Another item of interest about Hawaiʻi, from Wikipedia ~ The Hawaiian language takes its name from the largest island, Hawaiʻi, where it developed, originally from a Polynesian language of the South Pacific, most likely Marquesan or Tahitian. The island name was first written in English in 1778 by British explorer James Cook and his crew members. The Hawaiian alphabet only uses 12 Roman letters - a, e, i, o, u, h, k, l, m, n, p, w; five vowels (long and short) and eight consonants, one of them being a glottal stop (ʻ) (called ʻokina in Hawaiian).

Captain James Cook was a British explorer, navigator, cartographer, and captain in the Royal Navy. Cook made detailed maps of Newfoundland prior to making three voyages to the Pacific Ocean, during which he achieved the first recorded European contact with the eastern coastline of Australia and the Hawaiian Islands, and the first recorded circumnavigation of New Zealand. Cook was killed in Hawaii in a fight with Hawaiians during his third exploratory voyage in the Pacific in 1779. He left a legacy of scientific and geographical knowledge which was to influence his successors well into the 20th century and numerous memorials worldwide have been dedicated to him.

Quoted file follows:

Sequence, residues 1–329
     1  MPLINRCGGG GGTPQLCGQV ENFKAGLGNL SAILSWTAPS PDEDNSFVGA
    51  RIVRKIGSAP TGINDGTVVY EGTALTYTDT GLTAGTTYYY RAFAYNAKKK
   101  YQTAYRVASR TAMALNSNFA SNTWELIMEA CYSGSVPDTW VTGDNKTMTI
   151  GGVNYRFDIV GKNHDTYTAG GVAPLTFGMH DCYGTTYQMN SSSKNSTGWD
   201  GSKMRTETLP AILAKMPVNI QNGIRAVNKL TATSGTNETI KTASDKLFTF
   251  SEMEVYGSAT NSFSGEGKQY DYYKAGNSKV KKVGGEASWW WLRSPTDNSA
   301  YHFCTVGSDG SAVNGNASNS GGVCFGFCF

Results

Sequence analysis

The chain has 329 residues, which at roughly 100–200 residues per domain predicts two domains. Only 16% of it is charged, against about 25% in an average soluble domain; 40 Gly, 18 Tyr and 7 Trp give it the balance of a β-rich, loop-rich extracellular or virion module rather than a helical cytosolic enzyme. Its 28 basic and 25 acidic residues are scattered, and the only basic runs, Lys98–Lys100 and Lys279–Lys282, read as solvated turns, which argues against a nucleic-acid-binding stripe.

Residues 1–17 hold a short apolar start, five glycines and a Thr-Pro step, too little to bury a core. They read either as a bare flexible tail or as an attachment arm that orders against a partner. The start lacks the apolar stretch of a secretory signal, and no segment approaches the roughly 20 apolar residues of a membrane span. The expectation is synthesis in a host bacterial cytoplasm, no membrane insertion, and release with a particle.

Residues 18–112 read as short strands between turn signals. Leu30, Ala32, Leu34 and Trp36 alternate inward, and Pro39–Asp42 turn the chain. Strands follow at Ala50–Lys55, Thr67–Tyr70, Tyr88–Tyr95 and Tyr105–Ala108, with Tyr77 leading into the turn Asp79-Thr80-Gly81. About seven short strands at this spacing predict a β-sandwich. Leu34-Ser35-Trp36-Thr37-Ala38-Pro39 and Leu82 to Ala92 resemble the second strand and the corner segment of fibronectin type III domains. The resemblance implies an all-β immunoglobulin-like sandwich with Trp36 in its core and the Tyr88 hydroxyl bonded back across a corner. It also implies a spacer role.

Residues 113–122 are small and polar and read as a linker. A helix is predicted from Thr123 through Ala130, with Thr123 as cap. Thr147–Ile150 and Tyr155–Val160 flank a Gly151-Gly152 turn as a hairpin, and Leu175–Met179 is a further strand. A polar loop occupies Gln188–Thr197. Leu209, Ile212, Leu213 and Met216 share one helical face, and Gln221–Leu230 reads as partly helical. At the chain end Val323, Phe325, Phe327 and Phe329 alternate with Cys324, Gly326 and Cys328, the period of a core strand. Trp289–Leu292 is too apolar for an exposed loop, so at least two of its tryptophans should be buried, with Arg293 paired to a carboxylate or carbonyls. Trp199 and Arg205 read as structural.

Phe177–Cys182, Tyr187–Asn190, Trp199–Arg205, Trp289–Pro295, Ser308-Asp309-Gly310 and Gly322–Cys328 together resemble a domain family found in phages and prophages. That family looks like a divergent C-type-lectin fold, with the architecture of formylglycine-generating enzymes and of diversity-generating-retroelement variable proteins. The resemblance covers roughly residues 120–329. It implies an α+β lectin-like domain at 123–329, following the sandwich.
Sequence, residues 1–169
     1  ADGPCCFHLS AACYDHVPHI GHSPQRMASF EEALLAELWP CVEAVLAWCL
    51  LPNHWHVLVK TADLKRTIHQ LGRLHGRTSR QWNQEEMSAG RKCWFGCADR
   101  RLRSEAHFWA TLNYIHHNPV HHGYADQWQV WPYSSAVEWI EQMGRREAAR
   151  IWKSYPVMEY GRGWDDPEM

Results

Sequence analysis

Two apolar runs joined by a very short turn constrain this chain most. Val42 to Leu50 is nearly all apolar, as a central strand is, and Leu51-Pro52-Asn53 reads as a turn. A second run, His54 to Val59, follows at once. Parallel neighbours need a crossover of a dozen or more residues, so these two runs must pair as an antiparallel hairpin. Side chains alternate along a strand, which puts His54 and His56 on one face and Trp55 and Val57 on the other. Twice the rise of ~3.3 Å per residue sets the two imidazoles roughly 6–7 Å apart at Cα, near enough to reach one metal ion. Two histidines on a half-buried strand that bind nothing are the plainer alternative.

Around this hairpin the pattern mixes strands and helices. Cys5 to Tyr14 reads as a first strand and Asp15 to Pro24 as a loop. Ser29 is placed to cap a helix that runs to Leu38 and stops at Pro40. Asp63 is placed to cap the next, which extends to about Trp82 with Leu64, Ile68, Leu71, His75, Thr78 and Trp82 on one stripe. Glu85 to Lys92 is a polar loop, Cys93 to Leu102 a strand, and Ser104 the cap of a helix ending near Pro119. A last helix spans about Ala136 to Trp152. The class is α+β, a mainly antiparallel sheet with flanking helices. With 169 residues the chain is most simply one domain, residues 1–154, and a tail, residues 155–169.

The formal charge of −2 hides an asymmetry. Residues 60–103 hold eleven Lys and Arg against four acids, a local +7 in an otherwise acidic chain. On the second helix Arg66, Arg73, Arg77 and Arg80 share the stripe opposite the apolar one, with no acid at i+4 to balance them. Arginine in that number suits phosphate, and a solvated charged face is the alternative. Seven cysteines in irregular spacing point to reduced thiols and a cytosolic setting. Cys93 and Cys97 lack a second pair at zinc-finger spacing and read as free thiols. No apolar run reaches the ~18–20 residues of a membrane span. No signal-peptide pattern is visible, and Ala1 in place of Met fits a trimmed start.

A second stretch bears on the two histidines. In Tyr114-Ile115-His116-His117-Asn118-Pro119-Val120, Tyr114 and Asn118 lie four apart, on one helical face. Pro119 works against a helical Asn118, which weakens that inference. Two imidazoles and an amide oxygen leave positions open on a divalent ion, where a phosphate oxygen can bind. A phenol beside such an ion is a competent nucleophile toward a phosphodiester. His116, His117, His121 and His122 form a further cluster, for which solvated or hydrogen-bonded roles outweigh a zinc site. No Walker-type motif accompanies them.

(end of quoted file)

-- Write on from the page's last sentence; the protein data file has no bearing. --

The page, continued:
In closing, I am often asked 'what is your favorite Hawaiian island'? It is difficult for me to choose just one (I have visited Kauaʻi, Oʻahu, Maui and the Island of Hawaiʻi), as each island is different, has it's own uniqueness and charms. But if I absolutely must choose one from the perspective of a landscape photographer, I would go with Kauaʻi, often referred to as the 'Garden Isle', for good reasons!

Mahalo to these magical island for now, and look forward to my next visit!